This article could more accurately be titled ‘Why The Martingale System Doesn’t Work In Roulette…or Anything Else’. It’s amazing how many people think that roulette is a ‘beatable game’. There are countless scam artists hawking ‘Never Lose Roulette Systems’ online that promise profits of $1000 a day or more with no downside risk. As P.T. Barnum said ‘there’s a sucker born every minute’ and when it comes to gambling the sucker live birth rate is probably higher than that. Our goal is to make sure that you don’t end up in that category. That’s why our strategy guides are realistic and why we spend so much time talking about odds, probabilities, house edge, etc.

The math that circumscribes roulette is inviolable. In American roulette on a wheel with a ‘0’ and a ’00’ the house edge is *always* 5.26%. In European roulette, the typical house edge is 2.70% though that can be modified slightly with certain rules (‘En Prison’ and ‘La Partage’). No system or combination of systems can change this. Yet for some reason, people don’t believe this cold, hard mathematical reality. Or maybe they don’t *want* to believe.


There’s not a good explanation for the enduring popularity of the Martingale system other than perhaps poor math instruction in school. In an era where computers capable of running accurate simulations are found in every home and office, it’s puzzling that when neophyte or clueless gamblers happen on the Martingale system they act like they’ve found the proverbial ‘license to print money’. In researching this article I found several websites that insisted that it’s the best system ever. One of the most pitiful explained the system fairly accurately until he got to the loss potential which he described as ‘minuscule’. That’s not the case.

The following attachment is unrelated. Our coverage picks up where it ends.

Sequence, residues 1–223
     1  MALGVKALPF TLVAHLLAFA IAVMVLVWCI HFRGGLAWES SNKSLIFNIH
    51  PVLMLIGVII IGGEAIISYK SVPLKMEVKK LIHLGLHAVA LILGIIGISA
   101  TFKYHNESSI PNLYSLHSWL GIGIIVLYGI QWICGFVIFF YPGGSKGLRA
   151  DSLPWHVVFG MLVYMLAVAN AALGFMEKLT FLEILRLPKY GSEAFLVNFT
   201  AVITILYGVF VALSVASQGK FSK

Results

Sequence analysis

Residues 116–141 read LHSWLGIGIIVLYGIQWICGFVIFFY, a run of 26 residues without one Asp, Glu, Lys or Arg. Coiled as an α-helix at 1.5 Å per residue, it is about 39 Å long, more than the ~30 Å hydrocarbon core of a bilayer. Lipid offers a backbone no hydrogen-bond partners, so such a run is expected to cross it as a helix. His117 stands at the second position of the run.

The system has been around for 200 years or so and has been co-opted into just about every possible gambling variant and even into stocks and investing. It’s equally useless no matter what the context. Here’s how it works–the player doubles his bet after every loss. Eventually, he’ll win which will cover his past losses and give him $1 of profit. For example, let’s say the rube in question is betting on an even money bet like ‘Red’ or ‘Black’. He starts with one dollar and doubles his bet after every loss. On the fifth bet, he wins. As a result, he’s down $1+$2+$4+$8 = $15 on the four losing bets but he won $16 on the fifth bet. That’s $1 of profit.


The problem–and one that people with a vested interest in selling the viability of the Martingale system (eg: casino owners and scam artists) gloss over–is that it’s easier than you’d think to rip through your entire bankroll. That’s the fatal flaw of this system–it assumes that the player will lose a few in a row but win in due course. Anyone who has gambled for awhile understands that it’s easier than you think to string together a lot of losing bets. And when you’re doubling your wager every time those losses add up quickly. After 10 losing bets you’d be down $1,023 (losing $512 + $511 on previous bets). After 11 losing bets you’d be down $2047 ($1024 + $1023 from previous bets). And if you get lucky and win your 12th bet? Congratulations–you’ve made $1. The same as a guy betting $1 per hand who has won 3 bets and lost 2 bets. The difference is that he only had to risk $5.

Here’s the bottom line and the sooner you sear this into your brain the better. No system, betting strategy or lucky rabbit’s foot can overcome a negative expectation game in the long run. You might get lucky and make some money in the short term. But you might get lucky and make just as much money without some mathematically flawed betting system and without having to risk a big bankroll.